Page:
Following the release of Max Richter’s ‘Recomposed’ version of Vivaldi’s Baroque classic, The Four Seasons, Liam Cagney explores the seemingly unlikely marriage between classical and techno.
As musical genres go, techno and classical seem like polar opposites. Techno springs from electronic circuits; classical, from wood, brass and catgut. Techno is defined by nightclubs and repetitive beats; classical by concert halls and resounding orchestras. And yet when the two meet, as occasionally they do, they can complement each other well.
This month, British composer Max Richter, who in a previous life was a floating member of legendary electronica group Future Sound of London, launches his ‘Recomposed’ version of Vivaldi’s The Four Seasons. Stores in London such as Selfridges and the Apple Store on Regent Street will have their sound systems taken over by Richter’s remixes of these Baroque violin concerto classics. Here’s his delicate, hypnotic treatment of the first, ‘Spring’.
But for those looking for a more purist techno experience – that is, music with beats – will find plenty more variety in other releases in Deutsche Grammophon’s ‘Recomposed’ series. The highlight so far for me here is Carl Craig and Moritz von Oswald’s ‘Recomposed’ version of Ravel’s Boléro. Using original recordings by the Berlin Philharmonic and Herbert von Karajan, Craig and von Oswald, two giants in the field of techno, have produced an understated, slow-building remix of Ravel’s classic. Being built on a looping, repetitive phrase in the first place, Boléro is ideal for this kind of treatment:
The 70s German electronic group Kraftwerk are credited with being the originators of techno, and their album Trans-Europe Express features a piece called ‘Franz Schubert’:
It’s obviously meant as a nod to their German musical heritage, but it doesn’t particularly recall the lyrical genius of Schubert. In fact, with its rising melodic lines swirling around one chord, it’s musically closer to Wagner’s Prelude for Das Rheingold (see what you think by comparing here, building from around 0’50″), though obviously on a matchbox-model scale to Wagner’s orchestral colossus.
In the 80s, American artists turned the beats up a notch and invented the genre of techno as we know it today – one of the musical phenomena of recent decades. An early work, ‘The Final Frontier’, by the Detroit collective Underground Resistance brings to mind the 19th-century symphonists:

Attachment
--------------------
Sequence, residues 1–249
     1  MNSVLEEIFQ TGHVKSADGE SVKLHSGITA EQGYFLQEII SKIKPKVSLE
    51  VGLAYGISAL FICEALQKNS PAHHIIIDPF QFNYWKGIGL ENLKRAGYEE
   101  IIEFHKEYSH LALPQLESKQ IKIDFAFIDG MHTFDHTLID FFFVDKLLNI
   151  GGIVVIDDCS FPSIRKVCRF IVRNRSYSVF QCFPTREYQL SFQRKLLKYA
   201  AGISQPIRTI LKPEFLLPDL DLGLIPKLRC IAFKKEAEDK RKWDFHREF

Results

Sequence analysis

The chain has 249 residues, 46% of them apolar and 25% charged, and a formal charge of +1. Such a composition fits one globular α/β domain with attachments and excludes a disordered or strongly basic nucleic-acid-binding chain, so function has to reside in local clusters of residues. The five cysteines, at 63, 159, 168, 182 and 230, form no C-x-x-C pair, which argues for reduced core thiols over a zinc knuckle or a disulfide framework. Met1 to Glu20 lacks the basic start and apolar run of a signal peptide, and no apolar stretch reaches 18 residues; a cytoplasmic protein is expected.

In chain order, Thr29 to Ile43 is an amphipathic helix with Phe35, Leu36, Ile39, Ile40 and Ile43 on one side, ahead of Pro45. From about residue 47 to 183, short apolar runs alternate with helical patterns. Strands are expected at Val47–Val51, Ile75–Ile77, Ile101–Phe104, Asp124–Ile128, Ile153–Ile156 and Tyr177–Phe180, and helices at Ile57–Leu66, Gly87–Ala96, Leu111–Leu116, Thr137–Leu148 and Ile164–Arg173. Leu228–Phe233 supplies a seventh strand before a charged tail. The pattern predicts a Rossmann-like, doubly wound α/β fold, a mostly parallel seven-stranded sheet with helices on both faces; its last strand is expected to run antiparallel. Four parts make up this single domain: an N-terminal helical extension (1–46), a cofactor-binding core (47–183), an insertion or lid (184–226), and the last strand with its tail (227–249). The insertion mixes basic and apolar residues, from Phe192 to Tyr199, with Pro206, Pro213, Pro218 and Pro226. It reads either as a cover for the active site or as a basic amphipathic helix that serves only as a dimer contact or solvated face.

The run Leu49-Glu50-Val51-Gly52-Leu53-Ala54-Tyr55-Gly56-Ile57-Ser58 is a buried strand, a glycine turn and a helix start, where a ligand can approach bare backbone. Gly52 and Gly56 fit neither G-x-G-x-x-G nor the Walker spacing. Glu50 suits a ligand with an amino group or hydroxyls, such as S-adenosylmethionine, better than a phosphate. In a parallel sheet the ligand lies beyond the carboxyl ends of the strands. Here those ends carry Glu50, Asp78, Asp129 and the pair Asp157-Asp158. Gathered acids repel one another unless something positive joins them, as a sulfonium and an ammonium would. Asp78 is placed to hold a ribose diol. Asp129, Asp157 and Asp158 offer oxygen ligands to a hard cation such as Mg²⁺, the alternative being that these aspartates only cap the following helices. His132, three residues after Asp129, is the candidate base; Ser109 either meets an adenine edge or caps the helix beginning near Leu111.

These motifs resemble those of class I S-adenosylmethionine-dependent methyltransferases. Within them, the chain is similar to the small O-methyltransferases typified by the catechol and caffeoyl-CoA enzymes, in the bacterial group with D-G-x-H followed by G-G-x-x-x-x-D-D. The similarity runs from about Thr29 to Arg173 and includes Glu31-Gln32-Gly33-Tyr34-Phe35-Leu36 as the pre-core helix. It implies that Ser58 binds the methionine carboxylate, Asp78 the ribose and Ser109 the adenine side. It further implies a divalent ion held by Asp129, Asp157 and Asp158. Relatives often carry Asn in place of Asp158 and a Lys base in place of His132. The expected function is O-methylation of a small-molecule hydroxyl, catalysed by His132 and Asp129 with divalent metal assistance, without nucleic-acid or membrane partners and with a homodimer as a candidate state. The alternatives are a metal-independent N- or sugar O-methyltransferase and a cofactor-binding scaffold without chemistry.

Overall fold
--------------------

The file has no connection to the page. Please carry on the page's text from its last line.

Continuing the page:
After an opening that has all the familiar hallmarks of 80s techno – drum-machine beats, bubbling bass – an electronic string section kicks in, bathing the piece with melancholic gravitas. Avoid the cheesiness of William Orbit’s effort at a classical-techno hybrid; Underground Resistance here combine a string section and beats to powerful effect; an ideal that is also realised in Massive Attack’s ‘Unfinished Sympathy’.
Continuing further down this path, Germany’s Wolfgang Voigt, with his project GAS, explores dense electronic soundscapes, propelled through auditory forests by throbbing beats. Again here, in GAS’s Königsforst, there is a hint of Wagner in the lush, static harmony and horn and string sounds:
According to Voigt, much of GAS’s music is in fact built from samples from old classical recordings: of works by Wagner, Schoenberg, and other composers in the classical Austro-Germanic tradition. So if the last example sounds a bit like an orchestra, it’s because it is a sample of one (though the particular orchestra and recording that Voigt sampled are uncredited).
Things have come a long way, then, since Wendy Carlos’s classic Switched-On Bach, which back in the 60s saw Baroque works channelled through the knobs and buttons of the newly invented synthesiser. That said, few electronica-classical crossovers since have achieved the brilliance of Carlos’s reimagining of Henry Purcell, so memorably used here by Stanley Kubrick in A Clockwork Orange.
Want to explore further?
The website for DG’s ‘Recomposed’ series (in German):
An article on Wendy Carlos’s Switched-On Bach:
An interview with Wolfgang Voigt of GAS:
An article by Jon Savage on the origins of techno:
Where to buy:
Recomposed: Vivaldi/Max Richter:
Recomposed: Carl Craig and Moritz von Oswald/Music by Maurice Ravel and Modest Mussorgsky:
Wendy Carlos, Switched-On Bach:
Underground Resistance, Final Frontier:
Kraftwerk, Trans-Europe Express:
Do make sure you have a look at the first two in our Classical Connections series: Classical Connections #1: Minimalism meets Pop, and Classical Connections #2: the guitar that rocked classical music.
Liam Cagney is a freelance writer whose work has appeared in The Daily Telegraph, Village Magazine, The Journal of Music and elsewhere. He is a doctoral candidate in Music at City University of London, where he also lectures.